Overflowing resource: County mulls potential users of recycled water

  • Kohanaiki Golf and Ocean Club expects to every day use around one million gallons of recycled water from the Kealakehe Wastewater Treatment Plant once it starts pumping in 2020. (Laura Ruminski/West Hawaii Today)

  • Kohanaiki Golf and Ocean Club expects to use around one million gallons of recycled water from the Kealakehe Wastewater Treatment Plant every day once it starts pumping in 2020. (Photos by Laura Ruminski/West Hawaii Today)

  • Kohanaiki Golf and Ocean Club expects to every day use around one million gallons of recycled water from the Kealakehe Wastewater Treatment Plant once it starts pumping in 2020. (Laura Ruminski/West Hawaii Today)

KAILUA-KONA — At some point in 2020, the Department of Environmental Management will have to find somewhere to put the 1.8 million gallons of recycled water (R1 water) its Kealakehe Wastewater Treatment Plant will pump out every day.

DEM Director Bill Kucharski addressed the need for users Wednesday morning at the Environmental Management Commission’s monthly meeting in Kailua-Kona.

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Already lined up are the Old Kona Airport Park and the Kohanaiki Golf and Ocean Club, the latter having expressed interest in upping its daily consumption from 500,000 to 1 million gallons, Kucharski said.

Irrigation at both sites will require the construction of transmission pipelines, according to a draft environmental impact statement released on Feb. 5. The public has until April 9 to submit comments. The draft EIS is accessible via the Office of Environmental Quality Control website at http://health.hawaii.gov/oeqc.

Kealakehe Regional Park, currently in the planning phase, will also be a user of R1 water once it’s built. If $750,000 in funding comes through from the Legislature this year, Kucharski expects the park’s construction to feature a dual piping system, the first of its kind in Kona.

Such a system would allow the park to use between 300,000 and 500,000 gallons of R1 water daily for irrigation, vehicle washing and use in park facilities.

Finally, the Queen Liliuokalani Trust development in Kona is also likely to make use of treated wastewater when that becomes necessary.

Neither the park nor the development are guaranteed to need water in the next two years, however.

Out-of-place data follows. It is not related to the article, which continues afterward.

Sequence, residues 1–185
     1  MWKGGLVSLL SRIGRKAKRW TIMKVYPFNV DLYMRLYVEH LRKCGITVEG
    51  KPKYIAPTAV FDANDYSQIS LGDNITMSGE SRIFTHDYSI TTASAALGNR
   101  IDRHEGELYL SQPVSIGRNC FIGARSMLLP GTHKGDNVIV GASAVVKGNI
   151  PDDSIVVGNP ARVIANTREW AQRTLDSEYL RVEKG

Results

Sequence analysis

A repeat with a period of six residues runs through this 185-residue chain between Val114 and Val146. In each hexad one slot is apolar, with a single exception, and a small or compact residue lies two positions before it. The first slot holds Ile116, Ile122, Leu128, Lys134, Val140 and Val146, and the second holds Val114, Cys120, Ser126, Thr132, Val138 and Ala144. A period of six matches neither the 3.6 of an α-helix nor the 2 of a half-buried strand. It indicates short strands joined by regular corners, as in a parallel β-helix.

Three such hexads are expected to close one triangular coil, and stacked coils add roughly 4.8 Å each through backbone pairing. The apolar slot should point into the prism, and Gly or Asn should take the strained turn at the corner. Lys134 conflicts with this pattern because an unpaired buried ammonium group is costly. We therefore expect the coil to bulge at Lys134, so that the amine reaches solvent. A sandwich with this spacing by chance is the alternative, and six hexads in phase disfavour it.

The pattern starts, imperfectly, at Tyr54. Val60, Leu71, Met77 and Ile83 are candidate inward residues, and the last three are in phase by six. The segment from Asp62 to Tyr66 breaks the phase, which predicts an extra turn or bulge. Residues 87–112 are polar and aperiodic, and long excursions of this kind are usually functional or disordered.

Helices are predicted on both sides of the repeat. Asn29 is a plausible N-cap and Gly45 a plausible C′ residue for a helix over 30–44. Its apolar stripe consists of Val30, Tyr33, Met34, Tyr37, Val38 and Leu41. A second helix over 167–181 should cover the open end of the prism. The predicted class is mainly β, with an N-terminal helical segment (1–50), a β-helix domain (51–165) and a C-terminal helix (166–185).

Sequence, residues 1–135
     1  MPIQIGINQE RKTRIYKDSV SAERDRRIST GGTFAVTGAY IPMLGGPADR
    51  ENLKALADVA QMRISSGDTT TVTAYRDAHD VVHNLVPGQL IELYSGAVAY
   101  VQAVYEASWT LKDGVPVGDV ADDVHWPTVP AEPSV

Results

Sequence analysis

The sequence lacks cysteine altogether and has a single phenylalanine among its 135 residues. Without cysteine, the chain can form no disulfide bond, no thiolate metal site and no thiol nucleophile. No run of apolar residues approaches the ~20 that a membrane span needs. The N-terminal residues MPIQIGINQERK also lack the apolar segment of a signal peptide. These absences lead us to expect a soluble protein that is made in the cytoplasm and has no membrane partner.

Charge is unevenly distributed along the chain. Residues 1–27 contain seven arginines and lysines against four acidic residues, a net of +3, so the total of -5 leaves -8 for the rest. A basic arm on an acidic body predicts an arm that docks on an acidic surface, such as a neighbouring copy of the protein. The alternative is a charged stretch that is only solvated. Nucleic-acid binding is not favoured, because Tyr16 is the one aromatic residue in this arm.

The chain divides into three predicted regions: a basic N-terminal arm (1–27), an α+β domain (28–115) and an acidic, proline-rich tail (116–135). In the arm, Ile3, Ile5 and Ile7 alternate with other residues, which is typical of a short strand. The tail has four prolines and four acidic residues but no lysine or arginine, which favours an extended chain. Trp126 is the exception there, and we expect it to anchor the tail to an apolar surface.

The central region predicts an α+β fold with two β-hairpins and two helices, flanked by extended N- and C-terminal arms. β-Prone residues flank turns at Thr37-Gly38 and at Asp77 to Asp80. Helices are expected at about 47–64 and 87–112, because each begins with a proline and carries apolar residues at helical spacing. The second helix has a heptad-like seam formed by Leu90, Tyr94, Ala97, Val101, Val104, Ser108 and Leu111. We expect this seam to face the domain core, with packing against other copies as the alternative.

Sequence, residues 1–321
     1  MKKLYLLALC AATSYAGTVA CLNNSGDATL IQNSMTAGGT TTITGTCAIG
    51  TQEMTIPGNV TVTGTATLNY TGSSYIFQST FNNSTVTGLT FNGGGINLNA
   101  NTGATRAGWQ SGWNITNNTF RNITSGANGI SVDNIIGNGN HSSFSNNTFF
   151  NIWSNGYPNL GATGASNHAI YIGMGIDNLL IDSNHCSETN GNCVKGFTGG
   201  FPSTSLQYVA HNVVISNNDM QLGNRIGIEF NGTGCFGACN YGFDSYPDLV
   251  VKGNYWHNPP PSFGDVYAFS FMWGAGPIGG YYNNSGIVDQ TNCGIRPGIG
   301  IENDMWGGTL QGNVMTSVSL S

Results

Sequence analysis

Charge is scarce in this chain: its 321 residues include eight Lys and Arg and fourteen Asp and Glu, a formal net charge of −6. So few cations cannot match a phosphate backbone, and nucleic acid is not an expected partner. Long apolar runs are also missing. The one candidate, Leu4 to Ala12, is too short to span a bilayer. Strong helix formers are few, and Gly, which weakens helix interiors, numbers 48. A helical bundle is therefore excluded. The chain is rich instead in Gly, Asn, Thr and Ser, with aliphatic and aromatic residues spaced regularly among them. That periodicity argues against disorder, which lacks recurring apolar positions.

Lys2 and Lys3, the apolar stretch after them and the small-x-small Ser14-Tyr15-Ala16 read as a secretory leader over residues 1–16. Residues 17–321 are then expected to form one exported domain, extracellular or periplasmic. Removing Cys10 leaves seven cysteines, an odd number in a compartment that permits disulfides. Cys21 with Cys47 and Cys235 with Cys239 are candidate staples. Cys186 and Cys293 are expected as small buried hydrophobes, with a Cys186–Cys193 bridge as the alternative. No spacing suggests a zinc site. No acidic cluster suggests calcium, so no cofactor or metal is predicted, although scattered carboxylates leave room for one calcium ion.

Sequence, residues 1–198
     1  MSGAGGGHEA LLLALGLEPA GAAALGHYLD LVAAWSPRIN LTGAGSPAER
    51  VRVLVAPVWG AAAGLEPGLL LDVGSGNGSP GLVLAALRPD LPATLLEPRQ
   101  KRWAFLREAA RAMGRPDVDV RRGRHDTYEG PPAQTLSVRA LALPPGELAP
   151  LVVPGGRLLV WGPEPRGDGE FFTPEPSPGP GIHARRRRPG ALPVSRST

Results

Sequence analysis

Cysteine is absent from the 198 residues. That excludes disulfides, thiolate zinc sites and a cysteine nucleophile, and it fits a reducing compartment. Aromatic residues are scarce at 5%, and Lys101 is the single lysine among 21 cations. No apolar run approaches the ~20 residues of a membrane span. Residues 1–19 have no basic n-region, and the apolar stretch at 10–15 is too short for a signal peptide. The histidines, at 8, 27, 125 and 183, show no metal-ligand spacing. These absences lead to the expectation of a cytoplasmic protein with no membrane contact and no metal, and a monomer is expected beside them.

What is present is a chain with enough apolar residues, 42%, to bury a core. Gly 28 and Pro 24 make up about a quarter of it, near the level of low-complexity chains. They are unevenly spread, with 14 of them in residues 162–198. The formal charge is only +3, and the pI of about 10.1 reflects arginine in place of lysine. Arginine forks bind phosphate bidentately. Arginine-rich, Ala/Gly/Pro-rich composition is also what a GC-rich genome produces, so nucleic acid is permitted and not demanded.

Any surplus the plant produces after it’s functional will run along one of the proposed transmission lines to hook up with another line already constructed on Queen Kaahumanu Highway. From there, it will turn up Hina Lani Street to a former Department of Water Supply reservoir DEM plans to convert for R1 water storage. Though the department is hoping that won’t be necessary.

“Our goal is not to have enough recycled water,” Kucharski told the commission.

One way to ensure that would be to allow homeowners access to R1 water for situations when non-potable water usage is acceptable, such as lawn irrigation. Residential use, however, would require changes to state law.

Currently, R1 water is restricted to industrial and commercial uses. The state issues a permit and the county makes sure the user follows permit requirements.

Kucharski said legislation has been introduced this session that would allow for the expansion of R1 usage, which was a recommendation by the Water Reuse Task Force the state recently funded.

Another path to ensure the community takes full advantage of the coming water resource is to mandate it. Kucharski said Hawaii County Council member has considered introducing legislation requiring commercial and industrial concerns utilize R1 water whenever it’s available.

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The council approved a sewer rate hike last week, which will nearly double the monthly fee for family residential units from $27 to $52 and is to be implemented incrementally over the next five years.

Part of the extra money is earmarked for the addition of 10 employees to manage and oversee recycled water operations, Kucharski said.

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